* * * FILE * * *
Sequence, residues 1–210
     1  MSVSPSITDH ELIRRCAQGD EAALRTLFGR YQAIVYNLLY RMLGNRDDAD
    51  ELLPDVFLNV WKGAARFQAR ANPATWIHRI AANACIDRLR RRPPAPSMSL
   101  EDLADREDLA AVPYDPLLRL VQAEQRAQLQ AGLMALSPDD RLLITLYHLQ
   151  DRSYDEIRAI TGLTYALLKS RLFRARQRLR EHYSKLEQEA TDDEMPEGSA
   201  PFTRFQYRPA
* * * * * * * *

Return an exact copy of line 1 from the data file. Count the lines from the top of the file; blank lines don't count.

Sequence, residues 1–210